Thursday, 2 April 2015

B.O.T.D. Upland Sandpiper

Upland Sandpiper (Bartramia longicauda)

After the multitudes of North America's passenger pigeons had all been slaughtered for market, commercial hunters turned their guns on the innumerable upland sandpipers that flourished across our vast, rolling grasslands. By the early 1900s, with no restrictions on the carnage, scarcely an upland sandpiper could be found anywhere on the plains. The sweet-voiced birds - which, simply by feeding themselves, must have saved the country from many a scourge of grasshoppers, army worms, weevils, and cutworms - were almost annihilated.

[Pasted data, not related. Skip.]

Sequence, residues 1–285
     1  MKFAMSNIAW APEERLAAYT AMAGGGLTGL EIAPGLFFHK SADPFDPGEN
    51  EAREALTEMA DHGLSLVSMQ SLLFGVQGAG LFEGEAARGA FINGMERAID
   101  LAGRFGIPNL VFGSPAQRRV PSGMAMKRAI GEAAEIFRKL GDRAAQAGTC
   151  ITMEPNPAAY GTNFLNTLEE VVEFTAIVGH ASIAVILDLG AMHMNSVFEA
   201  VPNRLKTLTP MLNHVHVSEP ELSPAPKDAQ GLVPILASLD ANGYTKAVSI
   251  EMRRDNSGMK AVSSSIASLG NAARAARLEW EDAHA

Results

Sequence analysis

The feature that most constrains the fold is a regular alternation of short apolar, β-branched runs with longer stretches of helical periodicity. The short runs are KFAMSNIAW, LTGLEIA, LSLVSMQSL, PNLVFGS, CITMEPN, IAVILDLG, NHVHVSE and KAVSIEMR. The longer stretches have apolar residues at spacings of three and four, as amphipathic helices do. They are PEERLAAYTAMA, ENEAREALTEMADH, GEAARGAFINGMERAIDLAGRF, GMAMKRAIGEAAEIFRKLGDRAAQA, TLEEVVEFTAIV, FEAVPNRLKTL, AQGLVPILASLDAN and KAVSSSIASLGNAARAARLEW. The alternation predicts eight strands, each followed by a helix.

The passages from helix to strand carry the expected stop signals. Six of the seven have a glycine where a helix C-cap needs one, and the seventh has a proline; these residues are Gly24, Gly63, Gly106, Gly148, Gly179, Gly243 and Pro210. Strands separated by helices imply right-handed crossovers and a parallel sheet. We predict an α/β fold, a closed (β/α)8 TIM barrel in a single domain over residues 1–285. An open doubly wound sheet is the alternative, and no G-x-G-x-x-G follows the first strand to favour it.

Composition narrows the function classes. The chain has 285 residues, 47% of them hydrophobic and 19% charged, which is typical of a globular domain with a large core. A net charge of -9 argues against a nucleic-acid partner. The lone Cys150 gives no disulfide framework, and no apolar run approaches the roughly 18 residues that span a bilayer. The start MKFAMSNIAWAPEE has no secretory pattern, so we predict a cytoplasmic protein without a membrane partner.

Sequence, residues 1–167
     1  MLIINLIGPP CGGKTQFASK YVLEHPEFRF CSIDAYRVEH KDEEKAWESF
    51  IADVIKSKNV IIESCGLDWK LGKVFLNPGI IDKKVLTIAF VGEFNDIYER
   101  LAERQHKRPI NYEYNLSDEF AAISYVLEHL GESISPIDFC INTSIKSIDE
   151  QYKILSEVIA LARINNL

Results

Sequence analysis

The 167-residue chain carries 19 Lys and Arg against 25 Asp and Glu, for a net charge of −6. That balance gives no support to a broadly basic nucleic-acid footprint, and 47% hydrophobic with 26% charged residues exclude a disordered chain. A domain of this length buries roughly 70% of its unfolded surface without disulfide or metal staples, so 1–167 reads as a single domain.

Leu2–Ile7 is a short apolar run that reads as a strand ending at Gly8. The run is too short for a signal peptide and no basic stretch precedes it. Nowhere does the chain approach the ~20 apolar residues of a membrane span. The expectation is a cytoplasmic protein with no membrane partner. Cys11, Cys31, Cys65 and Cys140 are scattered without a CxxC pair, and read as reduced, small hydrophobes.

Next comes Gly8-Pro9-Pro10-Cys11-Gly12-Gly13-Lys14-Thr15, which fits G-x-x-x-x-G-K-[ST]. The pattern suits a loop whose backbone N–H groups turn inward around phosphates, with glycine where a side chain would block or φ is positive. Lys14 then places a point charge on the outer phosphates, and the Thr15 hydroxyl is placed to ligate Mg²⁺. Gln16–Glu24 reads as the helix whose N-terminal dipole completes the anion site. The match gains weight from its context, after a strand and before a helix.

Alarmed by the disappearance of so many birds, various states began to pass protective laws; but it was too late for some species and nearly so for others. Like all birds, upland sandpipers face many natural hazards - accidents, diseases, storms, and hungry predators, among others. In addition, they fly a difficult migration route of 7,000 to 8,000 miles - and are still hunted on their South American wintering grounds. Despite all this, the upland sandpipers have defied all odds and appear to be holding their own quite well across most of their large summer range.

Cornell Lab: Upland Sandpiper                                                                 Reader's Digest: Book of North American Birds